Master's Culminating Experience
Objective: A secular trend towards increased current and lifetime asthma prevalence has been observed in the US. The current study compared ambient Air Quality Index (AQI) data and asthma prevalence data from all fifty US states.
Methods: Air pollution is measured as AQI by the US Environmental Protection Agency (EPA). County level AQI data are available at the EPA website. Asthma prevalence data for each state are available on the Centers for Disease Control and Prevention (CDC) website. Data from 50 US states (2011-2013) were analyzed for AQI and asthma prevalence. The average of proportions for all counties in each state was used to obtain a mean value for good air quality days (“Good Days”) in each year. An Analysis of Variance (ANOVA) was conducted to evaluate if 1) asthma prevalence and 2) AQI differences across 2011, 2012 and 2013. A regression analysis was conducted to assess the association between AQI and asthma prevalence.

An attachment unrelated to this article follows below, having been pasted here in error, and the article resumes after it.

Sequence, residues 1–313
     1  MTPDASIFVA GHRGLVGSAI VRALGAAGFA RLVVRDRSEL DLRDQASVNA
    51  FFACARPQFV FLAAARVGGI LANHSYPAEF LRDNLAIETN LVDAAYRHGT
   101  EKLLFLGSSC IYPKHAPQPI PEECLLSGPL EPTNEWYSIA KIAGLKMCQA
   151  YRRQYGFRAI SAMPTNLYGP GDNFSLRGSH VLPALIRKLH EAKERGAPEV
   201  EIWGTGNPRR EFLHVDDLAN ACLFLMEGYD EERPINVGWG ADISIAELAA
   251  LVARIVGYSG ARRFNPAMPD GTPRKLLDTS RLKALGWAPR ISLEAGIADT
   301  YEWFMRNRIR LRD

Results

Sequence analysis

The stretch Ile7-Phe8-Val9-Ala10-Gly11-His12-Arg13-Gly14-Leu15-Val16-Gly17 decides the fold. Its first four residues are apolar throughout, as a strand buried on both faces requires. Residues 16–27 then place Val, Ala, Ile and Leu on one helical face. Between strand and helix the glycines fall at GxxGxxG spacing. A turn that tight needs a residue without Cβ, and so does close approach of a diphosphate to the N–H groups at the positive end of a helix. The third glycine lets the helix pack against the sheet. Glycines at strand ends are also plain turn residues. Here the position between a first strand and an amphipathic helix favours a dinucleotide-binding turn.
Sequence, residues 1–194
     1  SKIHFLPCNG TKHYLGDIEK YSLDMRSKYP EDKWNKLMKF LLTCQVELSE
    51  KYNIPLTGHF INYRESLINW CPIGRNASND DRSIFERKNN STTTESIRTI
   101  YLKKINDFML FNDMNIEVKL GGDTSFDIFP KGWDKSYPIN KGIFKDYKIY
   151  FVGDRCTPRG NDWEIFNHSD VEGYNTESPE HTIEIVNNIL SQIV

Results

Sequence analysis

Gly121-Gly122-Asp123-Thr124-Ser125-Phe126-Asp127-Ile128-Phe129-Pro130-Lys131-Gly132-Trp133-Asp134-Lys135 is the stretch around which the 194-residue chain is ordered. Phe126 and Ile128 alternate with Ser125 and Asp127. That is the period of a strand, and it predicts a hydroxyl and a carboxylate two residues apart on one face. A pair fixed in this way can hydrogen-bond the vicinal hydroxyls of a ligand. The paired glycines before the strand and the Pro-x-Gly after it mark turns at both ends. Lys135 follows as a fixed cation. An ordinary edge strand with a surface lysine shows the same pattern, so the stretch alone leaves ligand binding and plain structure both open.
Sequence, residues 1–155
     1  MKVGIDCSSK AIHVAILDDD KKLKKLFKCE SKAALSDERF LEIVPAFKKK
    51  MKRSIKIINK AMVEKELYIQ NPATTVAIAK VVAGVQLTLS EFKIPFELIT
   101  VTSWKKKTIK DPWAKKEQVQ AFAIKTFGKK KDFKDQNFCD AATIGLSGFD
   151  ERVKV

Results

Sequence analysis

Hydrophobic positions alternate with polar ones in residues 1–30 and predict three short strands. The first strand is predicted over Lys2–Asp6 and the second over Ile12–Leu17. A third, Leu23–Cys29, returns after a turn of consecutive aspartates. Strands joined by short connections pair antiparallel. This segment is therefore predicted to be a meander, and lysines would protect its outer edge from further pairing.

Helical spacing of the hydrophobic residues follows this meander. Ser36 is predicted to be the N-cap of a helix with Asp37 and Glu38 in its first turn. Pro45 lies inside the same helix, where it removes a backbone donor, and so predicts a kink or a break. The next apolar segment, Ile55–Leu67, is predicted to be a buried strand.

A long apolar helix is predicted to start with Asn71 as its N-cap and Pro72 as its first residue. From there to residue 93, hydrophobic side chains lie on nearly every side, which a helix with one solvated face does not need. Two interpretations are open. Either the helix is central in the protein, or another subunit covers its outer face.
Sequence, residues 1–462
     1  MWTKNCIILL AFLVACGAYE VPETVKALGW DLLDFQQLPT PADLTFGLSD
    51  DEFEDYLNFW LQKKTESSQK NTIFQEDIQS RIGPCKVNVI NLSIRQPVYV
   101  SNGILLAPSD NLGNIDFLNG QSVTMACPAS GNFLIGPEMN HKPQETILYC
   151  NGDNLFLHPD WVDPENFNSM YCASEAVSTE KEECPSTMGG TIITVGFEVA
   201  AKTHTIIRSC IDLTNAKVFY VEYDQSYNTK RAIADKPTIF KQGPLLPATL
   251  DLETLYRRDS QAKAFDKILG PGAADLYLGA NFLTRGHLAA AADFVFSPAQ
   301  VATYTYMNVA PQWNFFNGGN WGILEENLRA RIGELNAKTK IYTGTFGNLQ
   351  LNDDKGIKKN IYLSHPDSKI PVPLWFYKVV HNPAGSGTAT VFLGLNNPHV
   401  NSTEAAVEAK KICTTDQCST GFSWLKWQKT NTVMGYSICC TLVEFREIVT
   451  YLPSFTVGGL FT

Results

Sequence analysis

Results: The analysis showed a reduction in air pollution from 2011 to 2013. The ANOVA revealed that this decrease in AQI was significant, F (2, 147) = 5.7678, p = 0.0039. While an increase in asthma prevalence was observed from 2011 to 2013,the ANOVA revealed that the increased asthma prevalence was not significant, F (2, 147) = 0.2794, p = 0.7566. Regression analysis showed no significant association between AQI and asthma prevalence (p>0.05).
Conclusion: US Asthma prevalence did not change significantly despite significant AQI reduction from 2011 to 2013; AQI was not related to asthma prevalence.
Nagar, G. A. (2016). Is the Breeze Making you Wheeze? Air Quality and Asthma in the US. Wright State University, Dayton, Ohio.